Ultimately, what killed the punitive damages award were two recent decisions by the United States Supreme Court which required that a review of punitive damage awards must consider a comparison of the award to the actual compensatory awards (State Farm Mutual Auto. Ins. Co. vs. Campbell [2003] and BMW of North America, Inc. v. Gore [1996]). Absent these decisions, the Florida Supreme Court might well have been guided by its own thoughts on the issue, which are that punitive damages "are to be measured by the enormity of the offense, entirely aside from the measure of compensation for the injured plaintiff" (Arab Termite, 409 So. 2d at 1043).

The Engle jury did in fact find the cigarette companies liable for damages suffered by the three class members (Phase II-A) and so despite going about things in the wrong order, the necessary findings were made to award punitive damages. The excessive amount of the award could potentially have been addressed by requiring the jury to reduce the award to a level below which the defendant companies would become bankrupt. Neither of those aspects of the decision would necessarily have been crippling. They would have perhaps just required that the trial court do things a little differently and it is possible that a reduced (but still very high) punitive damages award could have been entered.

However, the requirement that compensatory damages be determined prior to punitive damages in order to allow appellate courts to judge the reasonableness of the punitive damages claims does cripple the mass punitive damage award.

Interestingly, since the class certification up to this point was upheld by the Supreme Court (overturning the Appeals Court decision), the decertification of the class at this point is of little significance. According to the trial plan, Phase III was to consist, anyway, of individual trials before different juries to determine individual issues of causation and reliance and individual compensatory damage awards, which would then be used to divvy up the punitive damages pot among successful class members.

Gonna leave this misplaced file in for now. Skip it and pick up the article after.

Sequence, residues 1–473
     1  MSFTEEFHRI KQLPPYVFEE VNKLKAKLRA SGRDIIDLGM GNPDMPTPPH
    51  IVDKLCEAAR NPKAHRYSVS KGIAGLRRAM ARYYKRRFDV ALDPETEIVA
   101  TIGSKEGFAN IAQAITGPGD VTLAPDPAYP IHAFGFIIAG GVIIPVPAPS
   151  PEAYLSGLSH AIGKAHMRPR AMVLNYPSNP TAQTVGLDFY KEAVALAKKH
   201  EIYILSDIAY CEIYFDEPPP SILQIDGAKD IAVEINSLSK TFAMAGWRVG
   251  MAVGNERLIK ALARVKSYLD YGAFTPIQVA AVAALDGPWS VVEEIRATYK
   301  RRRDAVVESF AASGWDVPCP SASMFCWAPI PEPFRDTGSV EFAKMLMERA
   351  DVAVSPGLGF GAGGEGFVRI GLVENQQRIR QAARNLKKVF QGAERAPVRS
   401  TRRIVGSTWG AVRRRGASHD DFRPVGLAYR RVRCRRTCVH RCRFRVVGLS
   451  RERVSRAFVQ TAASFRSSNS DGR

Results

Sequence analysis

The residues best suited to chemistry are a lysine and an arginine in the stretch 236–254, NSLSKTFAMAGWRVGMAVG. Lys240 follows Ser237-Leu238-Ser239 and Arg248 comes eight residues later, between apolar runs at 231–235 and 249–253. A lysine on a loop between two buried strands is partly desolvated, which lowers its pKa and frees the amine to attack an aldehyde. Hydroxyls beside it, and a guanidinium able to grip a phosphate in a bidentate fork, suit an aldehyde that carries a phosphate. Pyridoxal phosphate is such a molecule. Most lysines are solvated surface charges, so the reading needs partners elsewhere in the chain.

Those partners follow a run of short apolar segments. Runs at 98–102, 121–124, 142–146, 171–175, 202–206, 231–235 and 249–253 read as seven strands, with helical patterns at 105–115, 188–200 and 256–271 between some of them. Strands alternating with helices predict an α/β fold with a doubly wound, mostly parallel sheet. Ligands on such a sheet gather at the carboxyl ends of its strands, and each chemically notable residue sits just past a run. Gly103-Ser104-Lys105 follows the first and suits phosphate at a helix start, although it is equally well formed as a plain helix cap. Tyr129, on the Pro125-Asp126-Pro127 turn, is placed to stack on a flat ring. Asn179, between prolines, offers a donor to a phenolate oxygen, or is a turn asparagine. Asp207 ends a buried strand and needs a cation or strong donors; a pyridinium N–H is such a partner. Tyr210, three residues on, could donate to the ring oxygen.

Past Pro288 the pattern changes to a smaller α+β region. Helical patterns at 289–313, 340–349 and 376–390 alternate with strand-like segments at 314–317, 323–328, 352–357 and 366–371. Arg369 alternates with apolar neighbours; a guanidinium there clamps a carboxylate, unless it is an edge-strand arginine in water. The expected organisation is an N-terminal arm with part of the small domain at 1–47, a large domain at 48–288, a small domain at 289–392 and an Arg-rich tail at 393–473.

Under decertification, there will still be individual trials before different juries to determine the issues of causation and reliance, as well as individual compensatory awards, and punitive damages may still be awarded, although it will be a separate determination in each trial.

The big difference is that while under the original trial plan, punitive damages were assessed in one lump sum, now those damages will be determined on a case-by-case basis, shielding the tobacco companies from any large single hit. It also shields the companies from having to post any bonds to secure the punitive damage awards.

Individual cases may still proceed, and because most of the general Phase I issues (such as the findings that smoking causes certain diseases, that nicotine is addictive, that cigarettes were defective and unreasonably dangerous, that the defendants concealed information regarding the health effects and addictive nature of their products, that the companies conspired to misrepresent information on the health effects of cigarettes, and that the companies were negligent) do not have to be re-heard, these cases can be streamlined. They will need focus only on issues of whether the tobacco companies are liable to that particular plaintiff, and if so, the amount of the damages.